Personality is everything
When casting for homeowners who needed makeovers, the producers looked for people with big personalities. It made for more interesting television. And you know what? It made for more interesting design. I had one on-screen client who was a poet who exuded warmth and positivity. She was one of those people who made you feel good just by talking with her. So even though my initial assignment was to create an office space for her, I gave the space a dual purpose as a meditation room, decorating the walls with life-affirming lines from her poetry so she would be surrounded by positive insights as she worked. It captured who she was.
I’ve seen a lot of home makeover shows on which they create beautiful rooms, but the spaces end up looking alike in every episode, because they don’t reflect the homeowners’ unique personalities. That’s why I encourage people not to decorate their home so they look like a page from a furniture catalog. I encourage people to create a space that shows off who they are — quirks and all. You are not generic; your home shouldn’t be, either.
You can get it done
On television, with the magic of editing, we tried to make it look as if it was easy for me to redo someone’s space in a matter of hours — by myself. But the reality was there was an entire team of people behind the scenes doing all of the work, from painting to carpentry to moving furniture. In fact, I didn’t do any of those things. For example, the painter would paint the entire wall, and then they’d film me holding the paintbrush doing the finishing touches.
The lesson here that I try to impart to do-it-yourself decorators is to give yourself a break. If you can’t finish your home project in a weekend, don’t worry about it. You’ll finish it when you finish it. When I’m decorating in my own home or for a client, I don’t have the resources of a television construction crew doing all of the work for me. You probably don’t, either. So feel good knowing that, considering that you’re doing it on your own, you’re very much a design star.
Jonathan Fong is the author of “Walls That Wow,” “Flowers That Wow” and “Parties That Wow,” and host of “Style With a Smile” on YouTube. You can see more of his do-it-yourself projects at
Home: Tips for buying furniture online
Would you buy a major piece of furniture, like a sofa, online? Apparently, a lot of people would.
The research firm IBISWorld reports that online furniture sales have grown at an annual rate of 9.6 percent over the last five years. And according to Furniture Today, the online furniture store Wayfair has even seen year-to-year gains of 50 percent. Clearly, furniture shoppers have caught the online shopping bug.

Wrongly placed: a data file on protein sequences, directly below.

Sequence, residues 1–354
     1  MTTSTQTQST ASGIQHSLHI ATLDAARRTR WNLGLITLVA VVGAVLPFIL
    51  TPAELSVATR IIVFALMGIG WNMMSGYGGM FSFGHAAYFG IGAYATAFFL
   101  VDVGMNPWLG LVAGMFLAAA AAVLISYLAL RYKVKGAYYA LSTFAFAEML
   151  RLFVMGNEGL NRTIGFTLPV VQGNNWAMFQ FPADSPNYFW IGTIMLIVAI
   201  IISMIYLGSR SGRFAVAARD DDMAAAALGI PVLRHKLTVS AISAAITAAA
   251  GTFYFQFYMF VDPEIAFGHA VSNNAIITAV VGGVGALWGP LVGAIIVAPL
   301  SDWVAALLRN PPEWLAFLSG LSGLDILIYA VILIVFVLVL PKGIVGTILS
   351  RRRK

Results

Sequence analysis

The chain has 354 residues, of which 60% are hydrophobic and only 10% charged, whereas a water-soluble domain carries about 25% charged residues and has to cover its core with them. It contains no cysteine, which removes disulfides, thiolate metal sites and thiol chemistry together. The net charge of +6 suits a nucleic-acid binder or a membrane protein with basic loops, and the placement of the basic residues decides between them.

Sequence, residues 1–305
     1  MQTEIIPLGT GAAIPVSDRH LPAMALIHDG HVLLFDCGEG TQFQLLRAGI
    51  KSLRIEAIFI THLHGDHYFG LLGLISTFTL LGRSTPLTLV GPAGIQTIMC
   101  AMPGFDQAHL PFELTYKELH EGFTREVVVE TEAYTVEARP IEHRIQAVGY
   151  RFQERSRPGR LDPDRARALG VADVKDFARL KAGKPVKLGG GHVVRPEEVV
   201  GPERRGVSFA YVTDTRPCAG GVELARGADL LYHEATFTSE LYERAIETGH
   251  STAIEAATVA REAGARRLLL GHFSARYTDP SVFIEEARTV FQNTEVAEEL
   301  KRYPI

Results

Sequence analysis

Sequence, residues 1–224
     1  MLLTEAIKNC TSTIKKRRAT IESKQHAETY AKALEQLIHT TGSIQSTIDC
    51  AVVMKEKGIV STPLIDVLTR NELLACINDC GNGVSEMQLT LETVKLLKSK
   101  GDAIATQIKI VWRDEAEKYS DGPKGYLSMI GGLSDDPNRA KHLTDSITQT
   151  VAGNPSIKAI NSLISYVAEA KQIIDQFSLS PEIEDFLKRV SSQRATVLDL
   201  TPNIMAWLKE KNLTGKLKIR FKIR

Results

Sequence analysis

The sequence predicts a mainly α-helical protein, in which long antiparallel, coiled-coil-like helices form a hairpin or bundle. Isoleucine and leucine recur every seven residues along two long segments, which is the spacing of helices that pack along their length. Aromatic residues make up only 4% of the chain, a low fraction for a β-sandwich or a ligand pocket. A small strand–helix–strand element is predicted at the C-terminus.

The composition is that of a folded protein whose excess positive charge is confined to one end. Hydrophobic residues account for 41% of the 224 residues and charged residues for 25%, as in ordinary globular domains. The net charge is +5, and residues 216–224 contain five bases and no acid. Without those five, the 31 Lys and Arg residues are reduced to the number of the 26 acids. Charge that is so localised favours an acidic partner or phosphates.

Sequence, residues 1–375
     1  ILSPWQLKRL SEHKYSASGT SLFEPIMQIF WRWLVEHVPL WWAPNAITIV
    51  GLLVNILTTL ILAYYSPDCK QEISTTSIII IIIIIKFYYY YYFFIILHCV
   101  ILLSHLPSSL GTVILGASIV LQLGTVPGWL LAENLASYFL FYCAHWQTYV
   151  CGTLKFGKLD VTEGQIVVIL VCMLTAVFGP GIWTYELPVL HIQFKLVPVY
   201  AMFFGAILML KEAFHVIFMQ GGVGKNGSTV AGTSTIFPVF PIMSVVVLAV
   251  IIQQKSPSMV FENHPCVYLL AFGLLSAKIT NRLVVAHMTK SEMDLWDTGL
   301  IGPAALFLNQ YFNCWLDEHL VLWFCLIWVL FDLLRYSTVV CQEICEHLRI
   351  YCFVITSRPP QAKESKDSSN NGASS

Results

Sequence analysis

But unlike buying a book from an e-commerce site, online furniture shopping comes with unique challenges for consumers. The price points are higher. Shipping charges can add hundreds of dollars to the bill. And you can’t touch, feel or interact with a piece of furniture through your computer monitor.
Much of my online furniture shopping is for research. It saves me from driving all over town looking to see what different stores carry. For “brick and click” (or “click and mortar”) stores such as Pottery Barn and Crate and Barrel, which have both online and physical presences, I can investigate their offerings on their websites before going into the stores to actually see the pieces.
There have been plenty of times, though, that I bought furniture items online without seeing them in person. Most e-tailers — Houzz, Hayneedle, Wayfair, Amazon, Ballard Designs, etc. — don’t have brick-and-mortar stores. And even when they do, I’m often just too lazy to get in my car, go there and deal with a salesperson. Just this week I bought a lamp at lampsplus.com so I wouldn’t have to go into the store.
With all the online shopping I’ve done, I’ve learned a lot and made quite a few mistakes. So to help you on your own online shopping expeditions, here’s a handy guide to furnishing your home via the web.
Research the website
If you come across a site that you aren’t familiar with, do some homework on it. Start by reading the “About Us” page. A legitimate company will provide information about when it was founded, where it is located, and contact information such as a phone number or address. I get wary of sites that are nonspecific in the About Us page. And if the page has spelling or grammatical errors, a red flag immediately goes up. There’s a good chance it’s an overseas company, which means little to no customer service, longer delivery times and fewer guarantees of quality. Besides reading the About Us page, I also do an online search of the company name, often with the keywords “scam,” “legitimate” and “review,” to see if there are any complaints about the company.